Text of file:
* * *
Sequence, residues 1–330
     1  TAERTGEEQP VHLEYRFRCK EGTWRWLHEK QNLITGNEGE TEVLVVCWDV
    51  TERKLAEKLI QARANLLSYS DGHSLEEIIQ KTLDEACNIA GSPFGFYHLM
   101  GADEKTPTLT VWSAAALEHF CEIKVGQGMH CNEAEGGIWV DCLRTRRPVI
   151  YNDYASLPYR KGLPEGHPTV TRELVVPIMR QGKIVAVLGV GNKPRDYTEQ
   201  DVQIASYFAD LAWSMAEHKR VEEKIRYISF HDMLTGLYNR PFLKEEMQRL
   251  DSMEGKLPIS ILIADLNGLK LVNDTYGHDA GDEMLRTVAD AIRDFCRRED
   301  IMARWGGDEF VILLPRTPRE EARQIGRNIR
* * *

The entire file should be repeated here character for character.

Sequence, residues 1–330
     1  TAERTGEEQP VHLEYRFRCK EGTWRWLHEK QNLITGNEGE TEVLVVCWDV
    51  TERKLAEKLI QARANLLSYS DGHSLEEIIQ KTLDEACNIA GSPFGFYHLM
   101  GADEKTPTLT VWSAAALEHF CEIKVGQGMH CNEAEGGIWV DCLRTRRPVI
   151  YNDYASLPYR KGLPEGHPTV TRELVVPIMR QGKIVAVLGV GNKPRDYTEQ
   201  DVQIASYFAD LAWSMAEHKR VEEKIRYISF HDMLTGLYNR PFLKEEMQRL
   251  DSMEGKLPIS ILIADLNGLK LVNDTYGHDA GDEMLRTVAD AIRDFCRRED
   301  IMARWGGDEF VILLPRTPRE EARQIGRNIR